The photo shows a service member’s spouse weeping over her husband’s flag-draped casket, under a headline quoting an out of context snippet of Hillary Clinton’s Benghazi testimony: “What Difference Does It Make.” The ad, promoted by an Instagram account named “american.veterans,” displays a caption reading, “Killary Clinton will never understand what it feels like to lose the person you love for the sake of your country.” If you spent much time on social media last fall—especially as a service member or veteran—you may have seen a series of strange, emotional, and personally targeted political ads like this one.
The ads, part of the widespread Russian influence operation to defeat Hillary Clinton, were released this week by the House Intelligence Committee following the testimony of representatives from Facebook, Twitter, and Google. The Russian ad campaign, which in the case of Facebook alone may have reached 146 million Americans, was designed to worsen growing divisions among Americans. The ad-buys were also absurdly economical, costing as little as 0.14 cents per user reached (that’s right, a fraction of a penny). Often targeting both sides of a single issue, the Russian-backed accounts used acerbic rhetoric to inflame tensions and widen divisions over race, religion, and politics.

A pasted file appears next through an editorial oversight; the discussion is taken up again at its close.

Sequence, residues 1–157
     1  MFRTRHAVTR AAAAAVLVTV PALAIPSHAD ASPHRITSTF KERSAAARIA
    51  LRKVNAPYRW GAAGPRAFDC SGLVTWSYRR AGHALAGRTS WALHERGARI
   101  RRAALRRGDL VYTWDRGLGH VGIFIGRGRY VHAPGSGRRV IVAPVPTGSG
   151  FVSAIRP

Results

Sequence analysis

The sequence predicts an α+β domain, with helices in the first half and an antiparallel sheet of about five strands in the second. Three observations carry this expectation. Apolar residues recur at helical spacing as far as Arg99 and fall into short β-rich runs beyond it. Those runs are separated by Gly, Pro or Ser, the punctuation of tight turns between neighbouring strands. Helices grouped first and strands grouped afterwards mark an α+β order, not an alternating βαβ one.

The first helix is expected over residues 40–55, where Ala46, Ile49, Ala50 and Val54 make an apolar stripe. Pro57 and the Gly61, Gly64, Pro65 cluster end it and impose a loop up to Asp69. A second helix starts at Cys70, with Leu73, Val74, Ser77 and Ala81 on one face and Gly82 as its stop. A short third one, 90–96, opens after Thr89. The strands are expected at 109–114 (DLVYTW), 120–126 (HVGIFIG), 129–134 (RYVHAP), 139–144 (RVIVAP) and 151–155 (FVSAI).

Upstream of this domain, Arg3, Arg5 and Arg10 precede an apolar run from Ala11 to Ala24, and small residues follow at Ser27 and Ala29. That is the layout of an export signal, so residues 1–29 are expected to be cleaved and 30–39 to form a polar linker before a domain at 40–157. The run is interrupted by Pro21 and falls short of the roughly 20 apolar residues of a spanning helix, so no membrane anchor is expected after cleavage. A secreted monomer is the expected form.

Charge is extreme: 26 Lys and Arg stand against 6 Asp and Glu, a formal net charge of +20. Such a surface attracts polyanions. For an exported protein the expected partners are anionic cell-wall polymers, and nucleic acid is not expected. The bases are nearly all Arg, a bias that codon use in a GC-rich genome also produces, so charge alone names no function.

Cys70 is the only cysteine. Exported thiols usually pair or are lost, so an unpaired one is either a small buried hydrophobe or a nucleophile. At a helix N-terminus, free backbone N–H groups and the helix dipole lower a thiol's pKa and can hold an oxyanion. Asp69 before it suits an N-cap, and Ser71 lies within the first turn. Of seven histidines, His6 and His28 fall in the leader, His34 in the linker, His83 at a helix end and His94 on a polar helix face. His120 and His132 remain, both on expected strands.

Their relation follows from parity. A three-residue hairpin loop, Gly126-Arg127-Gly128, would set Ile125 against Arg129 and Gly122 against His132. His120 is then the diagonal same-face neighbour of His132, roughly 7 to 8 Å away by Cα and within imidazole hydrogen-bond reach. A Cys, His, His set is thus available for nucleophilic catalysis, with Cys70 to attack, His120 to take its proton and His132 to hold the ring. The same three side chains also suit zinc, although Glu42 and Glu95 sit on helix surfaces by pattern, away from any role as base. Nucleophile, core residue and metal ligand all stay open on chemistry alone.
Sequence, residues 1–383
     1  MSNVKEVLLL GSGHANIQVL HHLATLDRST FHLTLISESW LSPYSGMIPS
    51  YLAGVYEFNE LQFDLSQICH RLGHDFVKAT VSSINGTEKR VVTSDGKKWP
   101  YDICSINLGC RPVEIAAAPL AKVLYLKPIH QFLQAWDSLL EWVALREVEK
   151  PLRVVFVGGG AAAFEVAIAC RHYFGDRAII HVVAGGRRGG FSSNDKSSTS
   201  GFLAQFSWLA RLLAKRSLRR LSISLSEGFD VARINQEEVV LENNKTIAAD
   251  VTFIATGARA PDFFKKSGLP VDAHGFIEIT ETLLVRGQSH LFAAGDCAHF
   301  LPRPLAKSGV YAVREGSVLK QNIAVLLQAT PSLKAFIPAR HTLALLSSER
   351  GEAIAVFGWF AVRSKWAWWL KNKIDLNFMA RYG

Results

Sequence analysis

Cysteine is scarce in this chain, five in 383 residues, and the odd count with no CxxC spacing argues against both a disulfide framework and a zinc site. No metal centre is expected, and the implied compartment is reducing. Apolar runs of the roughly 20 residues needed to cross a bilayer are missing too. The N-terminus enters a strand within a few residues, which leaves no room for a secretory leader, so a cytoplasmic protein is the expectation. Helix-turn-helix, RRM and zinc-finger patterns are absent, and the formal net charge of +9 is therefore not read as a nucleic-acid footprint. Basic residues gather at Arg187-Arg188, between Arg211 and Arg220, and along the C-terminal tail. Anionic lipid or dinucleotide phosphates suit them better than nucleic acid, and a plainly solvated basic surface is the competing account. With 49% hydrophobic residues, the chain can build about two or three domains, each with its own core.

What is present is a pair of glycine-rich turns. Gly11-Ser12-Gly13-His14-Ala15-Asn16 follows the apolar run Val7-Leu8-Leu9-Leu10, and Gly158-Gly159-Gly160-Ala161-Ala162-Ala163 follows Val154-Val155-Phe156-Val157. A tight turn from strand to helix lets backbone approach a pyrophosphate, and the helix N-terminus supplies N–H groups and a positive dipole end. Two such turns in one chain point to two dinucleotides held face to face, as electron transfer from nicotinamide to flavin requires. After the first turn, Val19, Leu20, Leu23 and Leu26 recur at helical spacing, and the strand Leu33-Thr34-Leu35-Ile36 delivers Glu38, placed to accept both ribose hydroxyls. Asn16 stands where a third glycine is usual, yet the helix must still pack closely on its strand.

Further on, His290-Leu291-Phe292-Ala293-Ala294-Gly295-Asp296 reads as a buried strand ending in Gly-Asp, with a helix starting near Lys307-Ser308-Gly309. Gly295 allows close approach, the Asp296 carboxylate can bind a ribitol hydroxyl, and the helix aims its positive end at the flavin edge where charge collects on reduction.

Read the full op-ed in Slate.
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